In the first step of installing a Friction Saver, with throwline already installed in desired TIP, pass throwline through both rings, and reattach bag on other side of small ring.


In the second step of Friction Saver installation, pull on the throwline passed through the large ring raising the Friction Saver to just beneath the desired TIP. Pulling at a slight angle will help prevent twisting and tangling.


With a quick snap, pull the small ring and throwbag over the desired TIP and release the throwline immediately to reduce the chance of entanglement.


In the final step of Friction Saver installation, the throwline is used to pull the climbing line through the two rings.
Photo by Michael “House” TainFriction Saver

There are a variety of devices bearing this title, with the original consisting of a heavy-duty webbing strap with either steel or aluminum rings sewn in at both ends, while others may be adjustable to “choke” up on the trunk or branch, and constructed of cordage with different attachment points than rings. Many of the Friction Saver genre may be both installed and retrieved from the ground, though it certainly is not required for its use. In fact, in brushy, densely canopied trees, it may be faster and more efficient to carry the Friction Saver aloft, and install it in the desired TIP upon arrival, then take advantage of the reduced friction to work the tree. Though more complex to install, this device reduces friction a great deal more than the Cambium Saver. The original Friction Saver has both a large ring and a small ring, and the small ring will not pass through the large. This unique design feature is what allows it to be installed and removed fairly easily from the ground with a modest amount of practice. There are various ways to install a Friction Saver, but a fairly common method, once the climber has isolated the desired TIP, is to pass one end of the throwline through the large ring, and the other through the small. A throw bag is attached to the throwline that passes through the small ring, and the excess throwline is pulled through the large ring until the throw bag begins to lift the small ring of the Friction Saver. Care must be taken to use a throw bag with a large enough ring that will not pass through the small ring, and also to ensure that there are no bends or twists in the Friction Saver itself. A large loop has now been formed with the throwline going over the branch and down through both rings of the Friction Saver. The small ring is pulled up to just beneath the TIP, and then snapped quickly over it, with the climber immediately releasing tension on the throwline. This immediate release of tension will help reduce the likelihood of violent swings or twists entangling the Friction Saver, and will encourage the throw bag to descend rapidly. With both ends of the throwline now on the ground, the climber simply unties the throw bag, attaches the climbing line, and pulls it up and through both rings. Removal of this device should only be done with a throwline in a controlled manner to prevent any damage to the Friction Saver, and to allow room for operator error.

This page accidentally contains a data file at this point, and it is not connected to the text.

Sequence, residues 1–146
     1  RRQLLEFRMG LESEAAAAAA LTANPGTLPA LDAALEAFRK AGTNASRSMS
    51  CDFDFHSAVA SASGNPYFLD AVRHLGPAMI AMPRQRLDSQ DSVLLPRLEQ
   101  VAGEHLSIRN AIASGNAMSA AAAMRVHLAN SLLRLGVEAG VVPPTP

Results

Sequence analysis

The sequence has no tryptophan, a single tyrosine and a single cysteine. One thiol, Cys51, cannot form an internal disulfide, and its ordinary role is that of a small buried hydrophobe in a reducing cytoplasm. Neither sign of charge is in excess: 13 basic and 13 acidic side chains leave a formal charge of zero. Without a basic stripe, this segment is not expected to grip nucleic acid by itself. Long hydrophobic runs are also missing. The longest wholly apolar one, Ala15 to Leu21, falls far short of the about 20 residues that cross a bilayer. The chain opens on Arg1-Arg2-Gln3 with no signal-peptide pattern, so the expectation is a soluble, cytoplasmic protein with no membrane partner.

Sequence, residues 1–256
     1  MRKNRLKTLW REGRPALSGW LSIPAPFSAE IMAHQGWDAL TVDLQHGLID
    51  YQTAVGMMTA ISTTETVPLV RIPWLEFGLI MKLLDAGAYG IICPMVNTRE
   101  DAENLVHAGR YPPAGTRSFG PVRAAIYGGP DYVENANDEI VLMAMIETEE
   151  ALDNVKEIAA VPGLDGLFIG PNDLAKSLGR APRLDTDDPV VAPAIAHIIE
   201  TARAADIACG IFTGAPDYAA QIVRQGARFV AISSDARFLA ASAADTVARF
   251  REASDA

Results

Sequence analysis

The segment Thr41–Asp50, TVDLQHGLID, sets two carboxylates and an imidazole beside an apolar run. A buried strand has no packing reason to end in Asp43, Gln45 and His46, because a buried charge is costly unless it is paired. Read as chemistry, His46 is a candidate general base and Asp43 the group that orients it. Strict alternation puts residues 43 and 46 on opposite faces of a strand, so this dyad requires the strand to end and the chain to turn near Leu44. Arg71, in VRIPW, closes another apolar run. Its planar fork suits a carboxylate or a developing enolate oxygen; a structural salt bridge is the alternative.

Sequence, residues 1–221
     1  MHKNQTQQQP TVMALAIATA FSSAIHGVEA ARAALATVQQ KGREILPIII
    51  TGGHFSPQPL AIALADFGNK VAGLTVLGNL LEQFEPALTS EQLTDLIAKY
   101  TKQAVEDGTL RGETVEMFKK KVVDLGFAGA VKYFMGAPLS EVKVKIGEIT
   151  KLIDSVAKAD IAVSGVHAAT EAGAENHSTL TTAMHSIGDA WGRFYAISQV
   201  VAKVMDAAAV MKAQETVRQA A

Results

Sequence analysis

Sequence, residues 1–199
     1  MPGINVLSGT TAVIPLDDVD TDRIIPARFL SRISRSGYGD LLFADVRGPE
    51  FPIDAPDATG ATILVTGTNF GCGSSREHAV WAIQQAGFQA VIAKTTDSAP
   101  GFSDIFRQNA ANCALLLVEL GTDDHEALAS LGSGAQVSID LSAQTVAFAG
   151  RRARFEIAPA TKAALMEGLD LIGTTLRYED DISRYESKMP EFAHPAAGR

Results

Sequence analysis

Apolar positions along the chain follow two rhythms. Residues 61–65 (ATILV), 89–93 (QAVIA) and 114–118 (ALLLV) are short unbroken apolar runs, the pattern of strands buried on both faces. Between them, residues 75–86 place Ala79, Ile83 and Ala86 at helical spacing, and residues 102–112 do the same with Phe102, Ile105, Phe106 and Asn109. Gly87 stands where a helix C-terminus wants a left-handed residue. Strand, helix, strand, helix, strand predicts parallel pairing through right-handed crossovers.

Buck Blocks or MagBloc

This device, designed and developed by Scott Prophett and Scott Winningham, and introduced to the tree care industry previously by Buckingham, is intended primarily for rigging applications but can certainly be used for climbing operations as long as the users keep the respective MagBlocs exclusive to their climbing or rigging applications (remember, never the twain shall meet). The Buck Blocks provide users with the capability to climb out of an actual block at the TIP, improving the rope’s bend radius and reducing friction immensely, while still being easily installed and removed from the ground through the use of throwline, much like the two-ring Friction Saver. The rope, once installed, runs through a rope channel across the two rotating sheaves, while the separate halves of the device are held securely together by rare earth magnets. The amount of friction reduction, due to the two rotating sheaves, is greater than either the Cambium or Friction Saver, while still protecting both the tree and rope from contact and associated wear.